The same can be said in regards to the MCU.  If these films had come out in the ‘90s I probably would have taken to them more but I’ve not read a Marvel or DC comic in almost thirty years and therefore I have an image in my brain of what I remember what these characters were and not how much they’ve been re-invented in the last three decades.  Don’t get me wrong, I loved The Avengers (2012), Captain America: Winter Soldier (2014) & Captain America: Civil War (2016), Captain Marvel (2019), and both Guardians of the Galaxy films (which are the best in the entire franchise) but pretty much everything else is meh.  I hate the Iron Man and Thor films (although the 3rd Thor film is very fun), Doctor Strange was visually stunning but hollow, Black Panther had one of the greatest ensemble casts of all the films but it’s over reliance on CGI killed it for me (although it has one of the best openings of any of the MCU films), Homecoming was inspired but man did I hate Far From Home and let’s be honest – did we really need yet another reboot of Spider-Man this soon?  Ant Man was completely forgettable except for Michael Pena who makes the film work although Ant Man & Wasp was a great recovery film.  I know there was a Hulk film somewhere but I remember nothing about it.  The greatest thing about the MCU franchise is the Agent Carter show which I loved and all the Netflix shows in The Defenders universe (which Kevin Feige wants to claim are no longer in the same universe any more).  The MCU is now like a one-stop shopping for candy-colored, delicious confections whose taste lasts for but a few moments before leaving  you hollow afterwards.  Infinity War and Endgame were not that bad but that’s because of Josh Brolin.  The one thing I have to give it to Disney in regards to the MCU is the inclusivity of the entire franchise but I also blame them (and Feige) for cancelling all the Hulu, Freeform, and Netflix shows as they weren’t created by Feige so therefore don’t belong in his MCU.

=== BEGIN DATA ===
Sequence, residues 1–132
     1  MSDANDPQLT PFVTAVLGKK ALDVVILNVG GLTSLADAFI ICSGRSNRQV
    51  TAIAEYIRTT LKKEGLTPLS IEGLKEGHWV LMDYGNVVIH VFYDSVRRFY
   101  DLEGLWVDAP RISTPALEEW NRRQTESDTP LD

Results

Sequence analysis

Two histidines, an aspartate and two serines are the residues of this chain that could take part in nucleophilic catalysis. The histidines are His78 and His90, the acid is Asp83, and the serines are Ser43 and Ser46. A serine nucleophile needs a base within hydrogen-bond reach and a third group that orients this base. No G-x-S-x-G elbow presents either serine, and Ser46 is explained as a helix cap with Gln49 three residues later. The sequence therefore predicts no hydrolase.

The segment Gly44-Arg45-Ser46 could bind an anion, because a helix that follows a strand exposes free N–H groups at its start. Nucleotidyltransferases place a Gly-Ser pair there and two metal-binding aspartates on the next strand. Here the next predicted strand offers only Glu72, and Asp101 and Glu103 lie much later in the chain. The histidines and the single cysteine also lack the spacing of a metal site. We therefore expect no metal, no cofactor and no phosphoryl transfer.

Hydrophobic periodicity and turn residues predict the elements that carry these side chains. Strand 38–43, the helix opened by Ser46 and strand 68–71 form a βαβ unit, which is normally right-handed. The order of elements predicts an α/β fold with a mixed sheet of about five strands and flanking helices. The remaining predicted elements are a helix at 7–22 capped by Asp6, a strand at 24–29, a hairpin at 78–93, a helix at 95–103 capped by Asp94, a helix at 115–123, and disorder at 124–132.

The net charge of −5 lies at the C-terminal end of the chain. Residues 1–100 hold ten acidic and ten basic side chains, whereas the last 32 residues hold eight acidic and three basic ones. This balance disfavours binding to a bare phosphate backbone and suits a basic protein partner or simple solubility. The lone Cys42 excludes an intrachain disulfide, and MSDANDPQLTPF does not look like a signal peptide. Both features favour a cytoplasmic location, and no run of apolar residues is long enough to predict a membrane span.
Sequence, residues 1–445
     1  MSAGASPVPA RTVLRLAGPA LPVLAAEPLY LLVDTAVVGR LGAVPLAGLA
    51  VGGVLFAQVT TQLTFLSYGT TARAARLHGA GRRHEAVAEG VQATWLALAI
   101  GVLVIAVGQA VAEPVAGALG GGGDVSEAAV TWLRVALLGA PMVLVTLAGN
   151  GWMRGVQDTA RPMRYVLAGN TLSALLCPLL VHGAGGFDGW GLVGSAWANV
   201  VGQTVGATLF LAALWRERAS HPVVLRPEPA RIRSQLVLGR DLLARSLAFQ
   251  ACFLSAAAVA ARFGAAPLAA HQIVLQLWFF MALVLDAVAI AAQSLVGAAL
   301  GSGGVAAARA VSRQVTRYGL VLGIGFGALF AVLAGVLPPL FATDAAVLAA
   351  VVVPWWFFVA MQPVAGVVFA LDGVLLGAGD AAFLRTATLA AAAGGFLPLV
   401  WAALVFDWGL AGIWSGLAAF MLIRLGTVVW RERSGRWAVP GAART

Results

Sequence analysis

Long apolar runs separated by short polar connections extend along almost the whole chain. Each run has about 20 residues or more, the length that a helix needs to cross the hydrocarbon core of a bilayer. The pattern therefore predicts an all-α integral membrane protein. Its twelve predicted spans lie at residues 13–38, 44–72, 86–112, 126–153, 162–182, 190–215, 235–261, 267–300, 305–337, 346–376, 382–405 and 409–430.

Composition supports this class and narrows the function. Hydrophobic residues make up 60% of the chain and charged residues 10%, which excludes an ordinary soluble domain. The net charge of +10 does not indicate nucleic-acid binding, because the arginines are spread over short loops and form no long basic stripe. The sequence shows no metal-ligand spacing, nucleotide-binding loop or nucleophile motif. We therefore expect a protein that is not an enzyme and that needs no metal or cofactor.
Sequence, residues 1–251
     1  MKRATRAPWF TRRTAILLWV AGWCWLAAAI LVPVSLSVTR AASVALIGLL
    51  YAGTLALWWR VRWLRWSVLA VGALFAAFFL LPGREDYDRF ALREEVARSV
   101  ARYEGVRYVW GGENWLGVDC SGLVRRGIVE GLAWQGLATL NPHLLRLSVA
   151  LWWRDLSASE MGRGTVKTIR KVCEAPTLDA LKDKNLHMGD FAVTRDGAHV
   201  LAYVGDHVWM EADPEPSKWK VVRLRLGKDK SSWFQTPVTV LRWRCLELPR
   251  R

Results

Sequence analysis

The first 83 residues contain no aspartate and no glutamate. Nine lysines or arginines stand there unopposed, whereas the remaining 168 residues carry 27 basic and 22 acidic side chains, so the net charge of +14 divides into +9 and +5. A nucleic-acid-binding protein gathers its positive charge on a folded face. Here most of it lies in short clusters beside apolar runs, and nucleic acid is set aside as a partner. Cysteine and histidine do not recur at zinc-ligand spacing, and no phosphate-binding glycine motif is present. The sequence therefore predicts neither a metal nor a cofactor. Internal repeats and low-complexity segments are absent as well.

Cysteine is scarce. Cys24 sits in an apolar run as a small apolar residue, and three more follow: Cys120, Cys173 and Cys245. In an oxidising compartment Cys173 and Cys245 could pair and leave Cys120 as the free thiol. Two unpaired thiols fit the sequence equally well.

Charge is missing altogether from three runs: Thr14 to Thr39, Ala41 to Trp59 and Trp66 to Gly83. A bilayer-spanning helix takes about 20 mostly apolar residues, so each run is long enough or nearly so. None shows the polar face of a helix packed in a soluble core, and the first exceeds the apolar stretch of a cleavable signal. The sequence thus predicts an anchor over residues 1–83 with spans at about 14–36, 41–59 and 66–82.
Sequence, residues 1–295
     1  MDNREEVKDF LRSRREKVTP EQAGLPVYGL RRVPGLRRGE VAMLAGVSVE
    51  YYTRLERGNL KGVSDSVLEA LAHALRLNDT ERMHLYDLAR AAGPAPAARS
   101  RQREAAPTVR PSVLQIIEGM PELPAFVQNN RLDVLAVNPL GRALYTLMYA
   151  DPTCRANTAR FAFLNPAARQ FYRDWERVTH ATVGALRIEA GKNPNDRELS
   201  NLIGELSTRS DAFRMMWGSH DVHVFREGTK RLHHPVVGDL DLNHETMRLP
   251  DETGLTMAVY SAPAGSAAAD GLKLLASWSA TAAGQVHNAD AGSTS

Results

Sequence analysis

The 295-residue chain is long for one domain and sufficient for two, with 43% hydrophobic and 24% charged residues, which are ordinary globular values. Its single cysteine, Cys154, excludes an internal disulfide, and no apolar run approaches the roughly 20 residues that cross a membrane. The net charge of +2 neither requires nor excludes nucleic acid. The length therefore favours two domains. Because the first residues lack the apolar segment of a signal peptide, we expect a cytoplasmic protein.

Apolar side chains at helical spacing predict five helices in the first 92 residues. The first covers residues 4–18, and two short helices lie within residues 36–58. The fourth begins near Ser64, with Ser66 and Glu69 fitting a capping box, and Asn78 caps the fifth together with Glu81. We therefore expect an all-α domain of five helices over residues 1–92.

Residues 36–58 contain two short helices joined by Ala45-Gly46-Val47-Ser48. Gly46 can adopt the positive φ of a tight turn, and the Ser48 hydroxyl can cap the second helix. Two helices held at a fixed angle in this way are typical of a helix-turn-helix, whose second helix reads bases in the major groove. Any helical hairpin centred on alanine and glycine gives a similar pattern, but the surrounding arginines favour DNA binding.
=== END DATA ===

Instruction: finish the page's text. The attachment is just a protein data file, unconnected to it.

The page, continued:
Now that I’ve touched on Disney’s handling of Pixar, propaganda films, MCU, Star Wars, and Studio Ghibli, I could go into more but I think you’re seeing the picture.  This hasn’t even touched the 20th Century Studios acquisitions which has both good and bad vibes.  For MCU fans they love the fact that The X-Men and Fantastic Four and other Fox properties can now be incorporated into the MCU.  But what does that mean for the hugely successful Deadpool franchise which was Rated-R and other properties like the Alien and Predator franchises which don’t fit into the Family Friendly Disney image; I guess there is always Hulu.  For comic fans, what will happen to Boom! Studios (which Disney has a minority stake in) and will that be incorporated into Marvel comics and/or will Feige try to incorporate those characters into MCU as well or simply ignore them altogether? Will 20th Century Animation and Blue Sky Studios be integrated into Walt Disney Animation Studios or shuttered altogether?  How will FX Networks be integrated into Disney/ABC/A&E or will its contents be dumped to Hulu (which is majority owned by Disney now)?  Will National Geographic Partners become part of Disney Nature and/or be re-branded?  The only thing that seems safe and untouchable is ESPN Inc. and everything included with that.   I’m not going to even touch the music and media publishing accounts.  What Disney sees as competition they either acquire or they destroy or sometimes both.  The danger is that the more assets that Disney acquires the less diversified the product for the consumer to choose from.